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Pressuring Obama To Ditch the Defense of Marriage Act Is AlterNet's Top Take Action Campaign This Week

DOMA is an offensive relic. Time to give it the boot.
 
 
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 During the years leading up to his presidency, Barack Obama made no secret of his desire to grant gays and lesbians equal rights. In 2006, as a member of the Illinois state senate, he scored an 89 out of 100 on Human Rights Campaign’s bi-annual legislative scorecard. Last year, he promised things like “equality,” “dignity” and “respect” to marginalized GLBT communities. When the Defense of Marriage Act (DOMA) – a federal law that defines ‘marriage’ as occurring only between a man and a woman and keeps same-sex couples from enjoying the rights straight marriage affords – reached Congress in 1996, Obama was among the minority of lawmakers who opposed it.

It seemed the idealistic senator had all the makings of an effective advocate for gays and lesbians across America. But then he became commander in chief and things changed.

Since January, Obama’s once-rigid stance on GLBT rights has adopted a taffy-like flaccidity. Despite promising gays and lesbians in late June that “you guys will have pretty good feelings about the Obama administration” by 2012, Obama has let political pressures rout him on two fronts: He has refused to repeal “Don’t Ask, Don’t Tell,” the U.S. military’s most gangrenous appendage of institutionalized homophobia; and he has not staged a meaningful offensive against DOMA, the same law he so bravely opposed 13 years ago.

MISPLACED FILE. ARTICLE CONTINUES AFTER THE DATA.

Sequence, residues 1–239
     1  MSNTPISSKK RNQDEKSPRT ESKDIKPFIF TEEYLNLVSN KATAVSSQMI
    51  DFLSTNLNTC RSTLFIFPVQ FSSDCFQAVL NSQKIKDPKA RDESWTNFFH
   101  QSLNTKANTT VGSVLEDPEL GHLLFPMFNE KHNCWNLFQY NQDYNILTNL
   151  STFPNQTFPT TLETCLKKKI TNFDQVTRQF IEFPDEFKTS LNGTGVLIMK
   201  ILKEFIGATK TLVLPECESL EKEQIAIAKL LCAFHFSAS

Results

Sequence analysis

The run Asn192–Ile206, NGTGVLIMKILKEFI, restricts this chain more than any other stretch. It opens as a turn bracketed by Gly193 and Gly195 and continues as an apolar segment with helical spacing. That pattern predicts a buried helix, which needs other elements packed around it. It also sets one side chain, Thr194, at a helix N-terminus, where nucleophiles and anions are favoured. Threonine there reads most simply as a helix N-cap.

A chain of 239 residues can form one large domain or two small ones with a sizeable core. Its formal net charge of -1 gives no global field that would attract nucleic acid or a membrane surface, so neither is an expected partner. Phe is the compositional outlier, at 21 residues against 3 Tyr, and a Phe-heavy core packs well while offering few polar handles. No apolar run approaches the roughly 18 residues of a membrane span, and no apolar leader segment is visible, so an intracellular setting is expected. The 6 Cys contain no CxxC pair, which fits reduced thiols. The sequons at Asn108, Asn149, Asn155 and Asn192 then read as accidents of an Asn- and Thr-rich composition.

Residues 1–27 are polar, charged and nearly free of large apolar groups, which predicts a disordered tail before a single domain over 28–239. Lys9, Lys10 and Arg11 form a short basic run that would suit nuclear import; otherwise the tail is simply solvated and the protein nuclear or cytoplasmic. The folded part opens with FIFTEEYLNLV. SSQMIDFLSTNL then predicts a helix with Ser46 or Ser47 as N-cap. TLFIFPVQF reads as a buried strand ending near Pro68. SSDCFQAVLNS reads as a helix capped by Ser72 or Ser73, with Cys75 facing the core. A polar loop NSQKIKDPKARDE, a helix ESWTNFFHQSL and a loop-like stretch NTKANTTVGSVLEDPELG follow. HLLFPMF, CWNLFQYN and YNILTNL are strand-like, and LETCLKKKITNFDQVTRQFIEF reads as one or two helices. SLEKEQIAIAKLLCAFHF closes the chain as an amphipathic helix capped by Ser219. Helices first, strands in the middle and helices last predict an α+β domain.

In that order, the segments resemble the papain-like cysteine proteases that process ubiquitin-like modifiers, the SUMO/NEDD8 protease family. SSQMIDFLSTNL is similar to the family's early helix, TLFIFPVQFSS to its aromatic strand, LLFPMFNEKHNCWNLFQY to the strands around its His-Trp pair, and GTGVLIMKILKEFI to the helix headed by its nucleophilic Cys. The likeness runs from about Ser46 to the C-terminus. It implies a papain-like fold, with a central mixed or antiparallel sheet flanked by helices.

In what should have been a significant step forward, Obama last Monday issued a brief stating that his administration considered DOMA “discriminatory.”

Too bad the same brief moved to dismiss a case brought forth by a California couple hoping to overturn the law.

The reason for such contradictory hesitance was, once again, conveniently institutional. Obama’s administration must defend federal laws "as long as reasonable arguments can be made in support of their constitutionality, even if the Department disagrees with a particular statute as a policy matter, as it does here," the brief, which was written by Assistant Attorney General Tony West, states.

So the bad news here is that the tentacles of impersonal protocol continue to snatch away the most basic of freedoms from Americans everywhere. Gay couples – regardless of citizenship – cannot enjoy the benefits straight couples take for granted.

The good news is that you can help. Making sure Obama understands the havoc that DOMA wreaks on gay and lesbian families means making your voice heard. Join the thousands who have already told the president how DOMA affects them personally. You can do it here.

Here are the rest of our Take Action campaigns this week.

II – Stop the Lies About Health Reform (SEIU)

The Right’s jihad against Obama’s health care overhaul is a toxic cocktail of piggybank fiction. Seeking to guard their enormous interests, health industry lobbyists provide funding for campaigns of misinformation and fear.

Among these is the claim (promoted, of course, by Sarah Palin) that Obama’s plan includes “death panels” to decide whether sick or elderly Americans will live or die. There is in fact no provision in the proposed reform to substantiate such a claim. It is a total and utter lie.

Here are a couple of facts, though: 80 percent of Americans want radical health reform. Seventy-two percent want a public option. It’s up to us to make sure no lies keep us from getting these.

III – Join a Worldwide Day of Climate Change (350.org)

A year ago James Hansen, a climatologist at NASA, determined that if our atmosphere’s carbon content exceeds 350 parts per million, our planet will not be “similar to the one on which civilization developed and to which life on earth is adapted.” We’re already at 390 parts per million, and rising – that’s why the polar ice caps are melting and the oceans are rising.

 
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